Bad to the Bone

The average cost of treatment for a hip fracture is about $30,000.

You men have probably heard that osteoporosis – the deterioration of bone mass that makes bones more susceptible to breaking – is a problem for women and dismissed it as a problem for you.

Though it is more common in women, according to the National Institute of Health, osteoporosis affects more than 2 million men in the United States.

One in four men older than 50 will have an osteoporotic-related fracture in his lifetime. And a fracture, which most often occurs in wrists, hips or the spine – common points of stress for long-haul truckers – will put you out of work, maybe permanently, due to complications. Not to mention that the average cost of treatment for a hip fracture is about $30,000.

Because there are no symptoms until the damage in the bone is advanced, people don’t discover they have osteoporosis until they break a bone. Men’s larger skeletons give them a temporary advantage because the bone loss starts later and progresses more slowly. But by age 65, men catch up to women and lose bone mass at the same rate.

Because men are generally older than women when they fracture or break a bone, they are often more severely disabled. More than half of all men who suffer a hip fracture are discharged to a nursing home, and 79 percent of those who survive for one year after a hip fracture still live in nursing homes or intermediate care facilities.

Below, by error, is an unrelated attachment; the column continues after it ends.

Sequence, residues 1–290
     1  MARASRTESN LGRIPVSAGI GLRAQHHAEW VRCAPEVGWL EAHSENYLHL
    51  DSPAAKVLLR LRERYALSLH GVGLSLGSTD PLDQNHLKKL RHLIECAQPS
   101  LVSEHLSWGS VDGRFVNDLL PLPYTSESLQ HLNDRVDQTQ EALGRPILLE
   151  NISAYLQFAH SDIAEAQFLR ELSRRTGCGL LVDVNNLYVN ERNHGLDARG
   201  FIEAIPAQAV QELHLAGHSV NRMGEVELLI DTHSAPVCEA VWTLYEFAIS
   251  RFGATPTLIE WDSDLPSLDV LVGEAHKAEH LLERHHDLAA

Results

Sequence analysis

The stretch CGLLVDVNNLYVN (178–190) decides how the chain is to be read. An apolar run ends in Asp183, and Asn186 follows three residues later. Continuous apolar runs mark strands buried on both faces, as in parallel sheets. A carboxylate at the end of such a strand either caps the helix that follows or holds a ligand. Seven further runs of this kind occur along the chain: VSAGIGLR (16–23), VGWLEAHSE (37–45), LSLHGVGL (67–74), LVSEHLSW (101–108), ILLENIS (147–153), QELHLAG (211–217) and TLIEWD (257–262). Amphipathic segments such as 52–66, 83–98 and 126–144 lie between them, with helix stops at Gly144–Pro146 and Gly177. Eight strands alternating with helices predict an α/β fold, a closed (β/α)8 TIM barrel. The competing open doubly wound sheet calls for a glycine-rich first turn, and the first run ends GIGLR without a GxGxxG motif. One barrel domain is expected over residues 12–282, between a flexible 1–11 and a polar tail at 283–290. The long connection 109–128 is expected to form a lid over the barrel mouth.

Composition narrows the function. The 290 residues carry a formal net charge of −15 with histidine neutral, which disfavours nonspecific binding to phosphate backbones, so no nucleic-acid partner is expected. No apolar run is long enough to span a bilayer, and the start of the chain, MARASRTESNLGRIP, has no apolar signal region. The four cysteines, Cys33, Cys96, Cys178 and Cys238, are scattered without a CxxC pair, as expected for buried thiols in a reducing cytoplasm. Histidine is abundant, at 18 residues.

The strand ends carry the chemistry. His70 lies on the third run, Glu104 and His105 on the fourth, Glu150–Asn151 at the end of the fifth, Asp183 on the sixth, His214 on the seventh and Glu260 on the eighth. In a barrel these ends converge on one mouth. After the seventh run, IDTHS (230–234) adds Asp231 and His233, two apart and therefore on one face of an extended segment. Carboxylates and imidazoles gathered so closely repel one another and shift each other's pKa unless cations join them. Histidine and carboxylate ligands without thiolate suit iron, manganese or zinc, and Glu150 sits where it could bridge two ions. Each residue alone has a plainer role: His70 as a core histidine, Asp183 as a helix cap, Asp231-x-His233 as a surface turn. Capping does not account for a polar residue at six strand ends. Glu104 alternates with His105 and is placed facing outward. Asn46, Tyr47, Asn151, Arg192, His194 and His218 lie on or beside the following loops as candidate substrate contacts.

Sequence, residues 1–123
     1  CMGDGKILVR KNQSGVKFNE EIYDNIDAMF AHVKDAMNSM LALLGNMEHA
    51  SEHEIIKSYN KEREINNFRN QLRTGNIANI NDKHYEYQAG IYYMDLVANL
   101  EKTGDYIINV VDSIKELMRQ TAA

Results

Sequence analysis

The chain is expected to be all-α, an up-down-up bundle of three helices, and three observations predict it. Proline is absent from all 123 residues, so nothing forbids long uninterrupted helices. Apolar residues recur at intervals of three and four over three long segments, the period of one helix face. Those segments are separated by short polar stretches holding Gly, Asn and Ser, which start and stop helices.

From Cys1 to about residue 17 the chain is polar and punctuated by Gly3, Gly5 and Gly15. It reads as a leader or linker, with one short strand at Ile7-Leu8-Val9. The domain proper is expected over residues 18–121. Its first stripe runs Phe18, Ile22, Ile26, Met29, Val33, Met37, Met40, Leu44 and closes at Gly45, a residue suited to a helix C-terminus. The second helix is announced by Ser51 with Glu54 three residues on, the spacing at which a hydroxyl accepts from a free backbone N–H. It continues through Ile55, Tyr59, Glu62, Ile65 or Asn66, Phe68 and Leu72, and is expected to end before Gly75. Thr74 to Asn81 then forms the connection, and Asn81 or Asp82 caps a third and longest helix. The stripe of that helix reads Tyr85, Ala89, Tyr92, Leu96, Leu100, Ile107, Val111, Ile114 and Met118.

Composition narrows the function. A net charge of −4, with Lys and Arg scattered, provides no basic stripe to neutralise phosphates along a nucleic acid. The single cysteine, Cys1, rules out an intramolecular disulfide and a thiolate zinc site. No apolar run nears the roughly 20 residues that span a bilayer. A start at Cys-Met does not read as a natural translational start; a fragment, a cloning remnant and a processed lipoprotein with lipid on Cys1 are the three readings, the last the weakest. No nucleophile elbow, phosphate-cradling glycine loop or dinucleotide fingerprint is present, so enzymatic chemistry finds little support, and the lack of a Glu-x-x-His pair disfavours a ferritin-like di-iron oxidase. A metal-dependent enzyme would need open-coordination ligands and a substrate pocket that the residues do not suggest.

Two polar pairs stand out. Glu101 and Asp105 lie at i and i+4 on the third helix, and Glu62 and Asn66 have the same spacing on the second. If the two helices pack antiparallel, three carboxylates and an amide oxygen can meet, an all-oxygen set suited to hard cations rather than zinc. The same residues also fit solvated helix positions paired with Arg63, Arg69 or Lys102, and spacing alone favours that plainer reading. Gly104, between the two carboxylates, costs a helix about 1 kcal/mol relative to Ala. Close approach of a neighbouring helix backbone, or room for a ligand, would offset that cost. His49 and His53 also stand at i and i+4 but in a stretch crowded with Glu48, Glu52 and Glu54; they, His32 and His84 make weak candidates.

There is no cure for osteoporosis. But you can minimize your risk for the condition by leading a healthy lifestyle, exercising and getting the proper amount of calcium and vitamin D. Doctors typically recommend walking, climbing, running or other weight-bearing exercises, such as racquet sports and lifting weights, because the stress to the bones that helps maintain their density. There are common medications, too, for lowering your risk.

Often, even if you get a healthy daily intake of calcium, other parts of your diet – excessive meat and salt, for example – may interfere with your absorption of calcium. Vitamin D aids in that absorption and helps maintain normal levels of minerals in your bones.

Normally the body makes enough Vitamin D from exposure to as little as 10 minutes of sunlight a day. If exposure to sunlight is inadequate, dietary intake of Vitamin D should be at least 10 micrograms (sometimes expressed as 400 IU) but not more than 20 mcg (800 IU) per day for men over 50. Also, some medications are known to cause bone loss, so you should discuss with your doctor the effect of anything you’re taking.


NEED MILK?
Getting the right calcium intake is one of the chief ways to head off osteoporosis. The recommended daily amount is about 1,000 milligrams. Calcium is found naturally in:

  • Milk
  • Cheese
  • Yogurt
  • Dark green leafy vegetables
  • Almonds

It’s also in calcium-fortified products, such as:

  • Orange juice
  • Cereal
  • Bread
  • Tofu products

RESOURCES
National Institute of Health Osteoporosis and Related Bone Diseases
www.osteo.org

National Osteoporosis Foundation
www.nof.org

National Osteoporosis Society Online
www.nos.org.uk

International Osteoporosis Foundation
www.osteofound.org

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